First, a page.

Winter is still with us be careful!

I am heading for the Island of Eigg for the weekend weather permitting and away from the crowds as it is a May holiday. Winter is still with us and looking at the forecast still winter in big mountains. Every night for a week it has been below freezing on the summits of most Munros. I was out in the North West and it was at times a cold wintry day, more like mid – winter than Spring. There is still a lot of snow about and in these freezing temperatures it will be hard in places. A slip without and ice axe or crampons could be serious.

Ski poles will not stop a slip!

Ski poles will not stop a slip!

The Mountaineering Council Of Scotland Safety Officer has advised those going out in the Mountains to be careful. It is worth reading and advising any friends and family to be aware of these conditions, which are not unusual for the end of winter.


Ice axe and crampons still may be needed and the knowledge of how to use them!

Ice axe and crampons still may be needed and the knowledge of how to use them!

Wednesday 27th April 2016

Prepare for winter in Scotland’s mountains this May Bank Holiday

May Bank Holiday is approaching fast, but the high mountains of Scotland are still hanging onto winter after an unseasonably cold spring. The Mountaineering Council of Scotland and British Mountaineering Council are joining forces to recommend hill walkers north and south of the Border be prepared to deal with late-lying snow conditions when they head for the Scottish hills this weekend.

This spring has been unseasonably cold, with a northerly airstream and accompanying cold conditions affecting the whole of Scotland. This has resulted in some of the best skiing and winter climbing for several years. It looks like that these conditions will also result in many Scottish mountains holding their snow long into the summer.

While Scottish mountains look stunning at this time of year in their winter garb, late winter conditions can pose a significant challenge to hill walkers and mountaineers, particularly underfoot.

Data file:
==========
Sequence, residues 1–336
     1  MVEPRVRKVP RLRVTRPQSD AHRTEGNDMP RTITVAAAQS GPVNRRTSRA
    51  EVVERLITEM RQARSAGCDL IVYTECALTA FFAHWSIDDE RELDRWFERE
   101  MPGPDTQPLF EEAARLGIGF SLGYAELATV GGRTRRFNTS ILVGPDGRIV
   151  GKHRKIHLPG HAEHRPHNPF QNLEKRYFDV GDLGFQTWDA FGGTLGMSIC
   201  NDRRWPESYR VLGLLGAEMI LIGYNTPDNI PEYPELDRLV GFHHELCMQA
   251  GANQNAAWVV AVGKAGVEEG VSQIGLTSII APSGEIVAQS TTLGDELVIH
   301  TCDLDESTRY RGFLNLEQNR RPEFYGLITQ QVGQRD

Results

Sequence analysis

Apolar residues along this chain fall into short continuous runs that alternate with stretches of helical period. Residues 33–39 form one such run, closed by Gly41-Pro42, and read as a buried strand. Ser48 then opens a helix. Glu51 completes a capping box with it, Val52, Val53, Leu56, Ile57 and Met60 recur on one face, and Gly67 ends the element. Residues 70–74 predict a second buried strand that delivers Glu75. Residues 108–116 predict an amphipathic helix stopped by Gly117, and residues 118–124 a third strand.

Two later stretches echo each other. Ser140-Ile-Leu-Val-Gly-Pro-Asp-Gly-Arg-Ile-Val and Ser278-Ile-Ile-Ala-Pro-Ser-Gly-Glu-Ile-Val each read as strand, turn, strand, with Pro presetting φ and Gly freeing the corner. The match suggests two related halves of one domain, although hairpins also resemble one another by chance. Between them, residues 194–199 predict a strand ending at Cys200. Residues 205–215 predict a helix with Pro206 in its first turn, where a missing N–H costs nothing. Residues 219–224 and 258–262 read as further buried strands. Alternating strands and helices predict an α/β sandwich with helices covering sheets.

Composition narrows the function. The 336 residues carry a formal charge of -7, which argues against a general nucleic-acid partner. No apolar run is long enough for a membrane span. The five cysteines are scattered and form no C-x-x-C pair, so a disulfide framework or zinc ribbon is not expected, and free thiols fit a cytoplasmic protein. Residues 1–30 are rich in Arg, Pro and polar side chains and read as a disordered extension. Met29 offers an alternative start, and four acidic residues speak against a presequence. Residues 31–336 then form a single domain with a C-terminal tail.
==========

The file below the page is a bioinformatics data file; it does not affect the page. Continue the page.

Usually located high up on the shady, northern sides of mountains,late-lying snow patches will often be hard and compacted after frequent melting and refreezing, offering little traction for boots to grip into and a high chance of slipping. Crossing them, especially if the terrain below is steep, requires caution. Route choice is important and hill walkers are advised to consider a ‘snow-free’ alternative or simply turn around.

Heather Morning, our Mountain Safety Advisor says, “Every spring thousands of hill walkers enjoy getting back into the hills again. The vast majority have a fantastic experience. But for those who do get into difficulties when encountering old snow patches; sadly a slip and subsequent slide in the wrong place does result in fatalities.”

We urge walkers planning to head up onto the higher mountains in Scotland to take a good look at the mountain weather forecasts in advance of heading out. If temperatures at 900 metres are forecast to be below freezing they would advise hill goers to be prepared with winter equipment – including a rigid pair of boots, crampons and an ice axe – plus the skills to use them effectively. Mountain specific weather conditions can be found at

Heather continues “My advice, if you don’t have the kit or knowledge to deal with hard snow is to adjust your plan, or enjoy a day out on one of our fabulous lower hills or glens, where there is no chance of encountering old snow patches”.

The MCofS and BMC are keen to get the message out to the many hill walkers planning to visit Scotland’s mountains from south of the Border this May Bank Holiday weekend.

Carey Davies, the British Mountaineering Council’s hill walking officer, said: “It’s important to remember there can be a big difference in climatic conditions across different parts of Britain, especially in spring. The south of England can have sunny t-shirt weather while the Cairngorms are still in sub-Arctic snow conditions. Even lowland Scotland can be a completely different world to the upper reaches of the Highlands”.

Carey continues, “When spring arrives a lot of people feel the pull of the mountains and want to get up high again. But don’t forget to check the weather forecast carefully and be prepared for things like snow fields and cornices.”

For further information

winter safety from MCOS

Be safe but go and enjoy the late winter.

Be safe but go and enjoy the late winter.

About heavywhalley.MBE

Mountain Rescue Specialist. Environmentalist. Spent 37 years with RAF Mountain Rescue and 3 years with a civilian Team . Still an active Mountaineer when body slows, loves the wild places.
This entry was posted in Enviroment, Equipment, Friends, Gear, Mountain rescue, mountain safety, Mountaineering, Views Mountaineering, Weather. Bookmark the permalink.

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